spring Arlene was one of six finalists for the
Thurgood Marshall Fellowship program
sponsored by the Association of the Bar of
the City of New York. Arlene is in her third
and final year at Quinnipiac College School
of Law in Connecticut.
Maureen Scott-Nowlan, BJ/89, is pleased
to announce her marriage to Richard Todd
Nowlan on September 3, 1994, in Lanark
County, Ontario. Maureen and Todd work
for Northern Telecom in Ottawa, Ontario.
Christopher Stocks, BA/89, has been
accepted into the Master's program in
Business Administration at the University
of Calgary where he commenced full-time
studies in September, 1994.
Andrea Derby, BA/90, and Stephen Car-
lisle, are happy to announce the arrival of
their son, Andrew James Carlisle, on June
28, 1994, at the Windsor Metropolitan
Hospital. Grandparents are Bill Derby,
BA/64 and Jane Derby of Oshawa, On-
Andrew Dresser, BEng/90, and Sharon
(Robbins), BEng/90, were married on
June 1, 1991, and are happy to announce
the arrival of their daughter, Sara Jane, on
June 15, 1994, in Toronto, Ontario.
David H. El-Chaar (Cole), BAHons/90,
BA/90, MA/93 (Queen's), was married in
1994 to Rola El-Chaar, whom he met at
Carleton University while working in resi-
dence in 1985. David is an environmental
consultant with Fisher, Leff & Associates
Inc. and Rola was recently promoted to
systems engineer with SHL Systemhouse
in Ottawa, Ontario.
Todd Eustace, BA/90, was married to
Jennifer (Porteous) on September 3, 1994,
in Nepean, Ontario. Todd is employed as
a Work Group Administrator at Bell North-
Victor Korompai, BAHons/90, enroled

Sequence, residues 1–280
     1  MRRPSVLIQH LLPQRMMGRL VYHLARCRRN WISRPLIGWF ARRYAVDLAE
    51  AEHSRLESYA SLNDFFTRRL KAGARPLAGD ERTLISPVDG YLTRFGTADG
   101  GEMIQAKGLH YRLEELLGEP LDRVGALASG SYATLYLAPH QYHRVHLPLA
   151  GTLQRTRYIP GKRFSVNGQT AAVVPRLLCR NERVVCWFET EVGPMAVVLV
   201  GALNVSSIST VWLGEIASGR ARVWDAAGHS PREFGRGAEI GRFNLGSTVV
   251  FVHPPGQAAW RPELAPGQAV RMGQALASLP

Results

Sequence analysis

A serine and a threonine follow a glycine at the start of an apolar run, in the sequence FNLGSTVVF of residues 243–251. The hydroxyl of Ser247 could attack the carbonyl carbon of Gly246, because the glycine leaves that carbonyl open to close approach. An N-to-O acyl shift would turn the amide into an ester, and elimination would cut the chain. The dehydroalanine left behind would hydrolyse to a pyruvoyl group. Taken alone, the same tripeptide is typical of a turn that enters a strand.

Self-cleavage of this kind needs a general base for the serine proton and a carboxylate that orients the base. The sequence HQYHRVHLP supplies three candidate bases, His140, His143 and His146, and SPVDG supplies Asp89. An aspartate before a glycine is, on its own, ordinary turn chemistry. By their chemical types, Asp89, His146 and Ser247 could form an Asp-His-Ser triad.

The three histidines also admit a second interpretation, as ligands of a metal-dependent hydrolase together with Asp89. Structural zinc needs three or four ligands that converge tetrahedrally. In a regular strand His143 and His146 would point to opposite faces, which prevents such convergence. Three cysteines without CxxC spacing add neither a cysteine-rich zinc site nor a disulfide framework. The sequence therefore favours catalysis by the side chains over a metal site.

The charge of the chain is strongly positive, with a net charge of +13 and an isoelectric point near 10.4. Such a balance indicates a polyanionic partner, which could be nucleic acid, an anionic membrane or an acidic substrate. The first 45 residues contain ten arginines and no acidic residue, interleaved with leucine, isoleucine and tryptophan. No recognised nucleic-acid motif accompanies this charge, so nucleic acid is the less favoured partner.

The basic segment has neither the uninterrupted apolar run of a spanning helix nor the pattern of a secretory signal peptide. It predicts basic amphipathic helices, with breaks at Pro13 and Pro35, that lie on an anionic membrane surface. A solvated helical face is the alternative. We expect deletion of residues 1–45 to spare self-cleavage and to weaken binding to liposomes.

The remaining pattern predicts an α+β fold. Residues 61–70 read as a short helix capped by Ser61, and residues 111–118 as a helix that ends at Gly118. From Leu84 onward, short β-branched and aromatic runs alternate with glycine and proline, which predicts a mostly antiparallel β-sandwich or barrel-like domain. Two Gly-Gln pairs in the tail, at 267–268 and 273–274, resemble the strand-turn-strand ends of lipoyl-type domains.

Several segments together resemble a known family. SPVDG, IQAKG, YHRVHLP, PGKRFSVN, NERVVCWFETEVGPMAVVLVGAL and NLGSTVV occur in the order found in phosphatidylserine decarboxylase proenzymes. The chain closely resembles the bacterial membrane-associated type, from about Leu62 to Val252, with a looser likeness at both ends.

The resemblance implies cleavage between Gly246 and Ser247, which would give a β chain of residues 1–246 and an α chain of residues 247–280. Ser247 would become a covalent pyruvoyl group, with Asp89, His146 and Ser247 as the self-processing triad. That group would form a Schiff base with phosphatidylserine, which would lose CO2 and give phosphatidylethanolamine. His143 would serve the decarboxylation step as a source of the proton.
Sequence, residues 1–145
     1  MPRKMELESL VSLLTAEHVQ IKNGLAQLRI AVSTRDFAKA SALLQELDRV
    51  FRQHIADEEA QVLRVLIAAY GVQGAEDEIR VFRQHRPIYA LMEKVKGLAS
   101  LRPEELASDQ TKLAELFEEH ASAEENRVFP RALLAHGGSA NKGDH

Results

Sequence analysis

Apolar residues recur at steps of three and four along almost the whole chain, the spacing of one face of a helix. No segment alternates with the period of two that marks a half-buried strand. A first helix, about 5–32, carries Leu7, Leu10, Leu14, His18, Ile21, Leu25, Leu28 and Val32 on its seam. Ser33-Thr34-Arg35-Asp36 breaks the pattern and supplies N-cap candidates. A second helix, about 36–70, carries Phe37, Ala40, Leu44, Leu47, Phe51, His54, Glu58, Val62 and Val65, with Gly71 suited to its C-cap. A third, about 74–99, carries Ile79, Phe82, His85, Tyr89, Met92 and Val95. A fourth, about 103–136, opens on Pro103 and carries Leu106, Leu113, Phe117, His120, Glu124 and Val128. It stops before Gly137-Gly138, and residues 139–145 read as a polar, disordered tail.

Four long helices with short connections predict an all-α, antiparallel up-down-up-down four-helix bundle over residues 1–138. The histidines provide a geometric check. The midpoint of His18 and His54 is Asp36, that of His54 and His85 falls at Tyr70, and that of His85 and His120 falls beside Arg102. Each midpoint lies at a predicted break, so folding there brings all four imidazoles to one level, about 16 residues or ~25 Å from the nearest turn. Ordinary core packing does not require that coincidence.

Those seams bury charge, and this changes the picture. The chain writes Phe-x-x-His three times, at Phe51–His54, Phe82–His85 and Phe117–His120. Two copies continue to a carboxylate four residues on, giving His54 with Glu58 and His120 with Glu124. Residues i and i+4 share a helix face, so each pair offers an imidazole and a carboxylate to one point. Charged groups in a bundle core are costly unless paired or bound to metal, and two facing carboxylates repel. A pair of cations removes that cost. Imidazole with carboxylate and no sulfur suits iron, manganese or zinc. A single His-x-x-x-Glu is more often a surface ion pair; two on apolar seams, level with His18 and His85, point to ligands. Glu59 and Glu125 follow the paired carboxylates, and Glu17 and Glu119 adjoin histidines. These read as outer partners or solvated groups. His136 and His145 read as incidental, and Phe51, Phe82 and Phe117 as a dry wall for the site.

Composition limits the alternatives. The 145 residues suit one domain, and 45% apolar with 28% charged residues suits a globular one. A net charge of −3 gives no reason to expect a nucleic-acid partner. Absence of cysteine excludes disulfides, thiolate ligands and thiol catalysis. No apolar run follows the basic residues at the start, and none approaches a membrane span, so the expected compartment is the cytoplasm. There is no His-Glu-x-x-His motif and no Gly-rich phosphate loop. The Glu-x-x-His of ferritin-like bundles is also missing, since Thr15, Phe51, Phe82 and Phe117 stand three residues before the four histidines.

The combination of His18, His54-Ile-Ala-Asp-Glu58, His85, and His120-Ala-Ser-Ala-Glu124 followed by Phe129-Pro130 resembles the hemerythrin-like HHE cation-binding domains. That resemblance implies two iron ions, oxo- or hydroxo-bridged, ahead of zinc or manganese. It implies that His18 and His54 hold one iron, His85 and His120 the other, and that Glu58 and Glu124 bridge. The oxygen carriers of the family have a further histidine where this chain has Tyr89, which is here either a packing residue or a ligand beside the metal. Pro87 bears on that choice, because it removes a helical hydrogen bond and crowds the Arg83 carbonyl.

this fall in the Business Administration
program at the University of British Colum-
bia. He and his wife Yolanda were expect-
ing their first child in November 1994.
Sandra Roy (Wort), BA/90, completed
her Bachelor of Education degree in June
Winter 1995* Carleton University Magazine «Page 34
1994 from Nipissing University in North
Bay, Ontario. She's cunently supply teach-
ing for the Ottawa Board of Education and
is looking forward to a teaching career at
the elementary level in the Ottawa region.
Dave Ryan, BScHons/90, resides in
Nepean, Ontario, with his wife Claire and
their son Sean, born August 18, 1994.
John Gudmundson, BAHons/91, mar-
ried Danai Walker on June 26, 1994, in
Vancouver, British Columbia. They live in
Victoria where John is enroled at the
School of Child and Youth Care at the
University of Victoria.
Sharon Herrington, BA/91, recently
graduated with honours from Algonquin
College's School of Nursing and has ac-
cepted a position at the Ottawa Civic
Hospital. Sharon's husband, Doug
Herrington, BJ/91, MJ/92, is a communi-
cations officer at the Canadian Human
Cara Larocque, BA/91, is engaged to be
married to Rick Oszpar in Ottawa, Ontario,
on June 3, 1995. Cara is a library technician
at the departmental library for Health
Canada in Ottawa. Rick works as a courier
for Canada Communication Group.
Michael McAlpine, BCom/91, is engaged
to be married to Vicki Brown of Mississauga,
Ontario, on May 6, 1995. He has moved to
Toronto to work at Southam Inc. Michael
was chairman of the Charlatan student
newspaper at Carleton from 1990-91.
Walter Robinson, BCom/91, is pleased
to announce his forthcoming marriage to
Jennifer Montour. The wedding will take
place in Ottawa, in June 1995. Walter
works as a management consultant for
Serco Aviation Services and is the cunent
president of the Carleton University Com-
merce Alumni Association Chapter.
David Roger, BAHons/91, BEd/94
(Queen's), defended his Master of Arts
thesis in translation at Carleton University
in October 1994. He received the mark of
"pass with distinction" and is the first
student to write a thesis in translation in the
department of French at Carleton. David is
enroled in the Master of Education pro-
gram (curriculum and instruction) with
scholarship at Queen's University.
Daniel Weslake, BEng/91, is an Assem-
bly Process Planner with Hughes Leite
Optical Tech Ltd. in Midland, Ontario. He
was expecting to obtain his Professional
Engineering status in December 1994.
Imke Barthel, BAHons/92, is living in
Kiel, Germany, doing an apprenticeship as